Nothing of strategic importance falls outside Beijing’s surveillance machinery. So it shouldn’t be a surprise that the Chinese government has its eyes on the country’s electric cars. In a recent visit to an electric-car battery factory in China, Quartz was told that all electric carmakers in the country are required to provide data collected from the cars to the government.
This article is a preview of Quartz’s membership premium content for this week, a field guide to China’s electric-car boom.
There’s nothing novel about electric cars that connect to the internet and send data to their manufacturers. It might seem creepy, but automakers all over the world make use of the data collected from their electric cars to improve performance, sometimes directly through over-the-air operating-system upgrades. What’s different in China’s case is that the aggregated data also gets sent to the government.
A website open to the public, run by China’s ministry of finance, gives examples of the kinds of data transmitted first to the carmaker and then directly to the government’s monitoring centers. According to the site, there are currently 1.4 million electric cars providing data, including real-time location, battery performance, and charging times.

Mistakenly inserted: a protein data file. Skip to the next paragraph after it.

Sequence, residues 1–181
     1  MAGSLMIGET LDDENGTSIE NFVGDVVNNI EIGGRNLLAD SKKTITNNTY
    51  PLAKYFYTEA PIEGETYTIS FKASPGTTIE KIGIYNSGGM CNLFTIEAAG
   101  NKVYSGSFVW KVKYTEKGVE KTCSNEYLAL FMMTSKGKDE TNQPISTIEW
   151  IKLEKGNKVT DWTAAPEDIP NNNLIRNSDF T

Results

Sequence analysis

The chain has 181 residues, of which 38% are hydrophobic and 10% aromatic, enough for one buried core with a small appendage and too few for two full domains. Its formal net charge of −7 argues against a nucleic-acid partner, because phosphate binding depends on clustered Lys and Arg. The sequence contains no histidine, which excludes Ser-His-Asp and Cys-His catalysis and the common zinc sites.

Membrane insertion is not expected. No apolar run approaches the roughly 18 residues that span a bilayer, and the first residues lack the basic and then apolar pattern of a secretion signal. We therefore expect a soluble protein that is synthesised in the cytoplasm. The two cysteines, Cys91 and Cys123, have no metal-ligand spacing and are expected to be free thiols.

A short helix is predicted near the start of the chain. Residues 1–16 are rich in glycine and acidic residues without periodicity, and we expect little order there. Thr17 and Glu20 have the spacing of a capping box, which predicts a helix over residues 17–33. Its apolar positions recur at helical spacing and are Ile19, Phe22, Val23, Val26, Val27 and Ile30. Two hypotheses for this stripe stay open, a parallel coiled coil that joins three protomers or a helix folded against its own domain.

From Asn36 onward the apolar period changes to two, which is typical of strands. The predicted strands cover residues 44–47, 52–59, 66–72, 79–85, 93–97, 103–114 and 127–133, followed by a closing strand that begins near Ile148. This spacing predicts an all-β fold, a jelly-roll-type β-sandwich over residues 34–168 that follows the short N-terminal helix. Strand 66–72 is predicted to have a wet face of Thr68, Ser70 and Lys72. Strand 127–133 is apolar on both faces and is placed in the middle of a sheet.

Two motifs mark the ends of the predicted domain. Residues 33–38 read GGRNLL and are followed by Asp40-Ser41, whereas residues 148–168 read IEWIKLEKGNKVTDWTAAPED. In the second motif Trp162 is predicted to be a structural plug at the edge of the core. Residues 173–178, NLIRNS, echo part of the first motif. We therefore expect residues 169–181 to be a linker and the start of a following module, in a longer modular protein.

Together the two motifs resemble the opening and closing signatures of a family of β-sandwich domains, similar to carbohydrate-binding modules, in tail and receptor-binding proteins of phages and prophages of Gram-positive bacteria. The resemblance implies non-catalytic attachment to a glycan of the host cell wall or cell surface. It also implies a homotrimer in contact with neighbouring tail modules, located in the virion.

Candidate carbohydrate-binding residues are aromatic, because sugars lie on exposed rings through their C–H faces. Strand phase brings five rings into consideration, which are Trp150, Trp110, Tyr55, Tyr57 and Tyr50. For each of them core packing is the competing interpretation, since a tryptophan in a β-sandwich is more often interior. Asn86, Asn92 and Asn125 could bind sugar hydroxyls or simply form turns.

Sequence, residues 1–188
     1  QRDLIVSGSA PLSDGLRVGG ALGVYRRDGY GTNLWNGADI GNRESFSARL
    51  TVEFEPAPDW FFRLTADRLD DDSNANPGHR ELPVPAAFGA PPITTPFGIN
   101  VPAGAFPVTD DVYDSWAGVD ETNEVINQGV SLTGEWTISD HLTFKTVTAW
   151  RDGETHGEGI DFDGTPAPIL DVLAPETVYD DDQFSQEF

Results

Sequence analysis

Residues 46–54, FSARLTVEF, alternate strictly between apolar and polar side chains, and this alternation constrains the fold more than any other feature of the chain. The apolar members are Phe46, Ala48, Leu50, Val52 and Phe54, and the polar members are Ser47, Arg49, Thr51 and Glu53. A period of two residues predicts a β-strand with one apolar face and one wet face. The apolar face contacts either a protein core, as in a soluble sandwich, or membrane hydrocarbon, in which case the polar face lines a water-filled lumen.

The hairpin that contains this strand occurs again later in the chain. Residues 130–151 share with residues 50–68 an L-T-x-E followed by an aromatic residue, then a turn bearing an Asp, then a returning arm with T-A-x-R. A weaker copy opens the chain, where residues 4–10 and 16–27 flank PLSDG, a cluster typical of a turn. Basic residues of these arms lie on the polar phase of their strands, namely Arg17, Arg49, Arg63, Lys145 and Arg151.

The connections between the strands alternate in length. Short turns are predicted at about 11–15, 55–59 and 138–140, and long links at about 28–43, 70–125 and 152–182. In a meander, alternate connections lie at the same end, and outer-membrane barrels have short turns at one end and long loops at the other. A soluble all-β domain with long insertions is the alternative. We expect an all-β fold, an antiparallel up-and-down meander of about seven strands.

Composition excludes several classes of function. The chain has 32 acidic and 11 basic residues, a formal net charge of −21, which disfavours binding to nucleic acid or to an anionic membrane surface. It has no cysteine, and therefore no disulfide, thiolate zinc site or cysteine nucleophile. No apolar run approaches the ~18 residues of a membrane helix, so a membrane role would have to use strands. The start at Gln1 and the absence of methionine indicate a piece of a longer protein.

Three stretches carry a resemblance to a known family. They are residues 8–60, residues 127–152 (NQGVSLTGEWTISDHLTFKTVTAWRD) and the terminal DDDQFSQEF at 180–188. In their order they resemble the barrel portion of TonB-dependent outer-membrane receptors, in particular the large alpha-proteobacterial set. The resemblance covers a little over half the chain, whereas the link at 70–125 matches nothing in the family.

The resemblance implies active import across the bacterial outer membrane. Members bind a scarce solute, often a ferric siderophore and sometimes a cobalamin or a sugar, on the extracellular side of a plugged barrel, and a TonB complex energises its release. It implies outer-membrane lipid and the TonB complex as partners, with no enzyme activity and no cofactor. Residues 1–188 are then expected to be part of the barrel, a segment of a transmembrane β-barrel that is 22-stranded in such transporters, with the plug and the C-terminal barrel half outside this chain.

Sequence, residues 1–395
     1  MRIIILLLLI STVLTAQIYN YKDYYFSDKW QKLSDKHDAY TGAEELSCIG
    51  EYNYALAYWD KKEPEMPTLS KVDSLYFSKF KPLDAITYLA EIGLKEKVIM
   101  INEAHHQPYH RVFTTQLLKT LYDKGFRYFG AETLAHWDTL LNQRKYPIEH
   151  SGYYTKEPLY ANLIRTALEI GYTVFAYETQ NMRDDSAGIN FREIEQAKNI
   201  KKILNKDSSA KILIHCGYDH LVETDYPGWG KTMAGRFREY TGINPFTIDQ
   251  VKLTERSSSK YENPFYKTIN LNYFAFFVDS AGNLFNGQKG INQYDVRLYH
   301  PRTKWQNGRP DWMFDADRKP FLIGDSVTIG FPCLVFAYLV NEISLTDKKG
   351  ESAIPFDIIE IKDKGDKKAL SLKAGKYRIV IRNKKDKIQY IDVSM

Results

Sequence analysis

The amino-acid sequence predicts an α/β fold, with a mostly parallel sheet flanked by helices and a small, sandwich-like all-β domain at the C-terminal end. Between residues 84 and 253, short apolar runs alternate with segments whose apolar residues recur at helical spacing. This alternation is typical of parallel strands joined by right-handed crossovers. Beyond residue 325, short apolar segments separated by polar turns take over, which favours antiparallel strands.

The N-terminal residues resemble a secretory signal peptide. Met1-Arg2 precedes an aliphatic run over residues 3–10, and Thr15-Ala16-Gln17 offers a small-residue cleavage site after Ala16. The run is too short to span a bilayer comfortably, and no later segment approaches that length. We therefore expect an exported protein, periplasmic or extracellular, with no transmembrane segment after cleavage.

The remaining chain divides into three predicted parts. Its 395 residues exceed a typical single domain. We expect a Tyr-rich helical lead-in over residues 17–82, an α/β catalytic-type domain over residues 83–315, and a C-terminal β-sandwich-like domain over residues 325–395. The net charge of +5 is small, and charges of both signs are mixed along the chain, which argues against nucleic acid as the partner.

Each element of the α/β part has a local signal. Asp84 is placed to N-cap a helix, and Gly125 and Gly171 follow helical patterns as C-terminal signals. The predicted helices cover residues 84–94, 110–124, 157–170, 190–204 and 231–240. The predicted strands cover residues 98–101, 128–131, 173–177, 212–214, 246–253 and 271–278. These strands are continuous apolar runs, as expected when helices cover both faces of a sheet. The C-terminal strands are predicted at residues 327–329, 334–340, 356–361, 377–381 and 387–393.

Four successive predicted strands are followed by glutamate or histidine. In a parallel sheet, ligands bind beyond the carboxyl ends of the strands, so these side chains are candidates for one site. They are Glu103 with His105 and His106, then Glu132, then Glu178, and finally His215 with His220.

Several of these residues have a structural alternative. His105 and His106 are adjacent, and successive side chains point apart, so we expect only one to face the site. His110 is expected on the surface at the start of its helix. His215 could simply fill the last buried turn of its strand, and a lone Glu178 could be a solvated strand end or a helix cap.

A page from the Chinese government’s electric-vehicle-data website. Most of the site is only accessible with a login.
This screenshot, from a July 2018 presentation, shows an example of the individual car data available on the government EV tracking site.
A recent investigation by the Associated Press found that each EV on the road in China provides as many as 61 data points overall. Some 200 automakers, including international names like Volkswagen, Nissan, and Tesla, are part of the program.
The Chinese government responded to the investigation by stating that it uses the data for “analytics to improve public safety, facilitate industrial development and infrastructure planning, and to prevent fraud in subsidy programs.” But no other country where electric cars operate, such as the US, the UK, Norway, Germany, or Japan, collects such real-time data. If governments in these countries were to request carmakers to share the data of an individual car, it would usually have to provide a court order.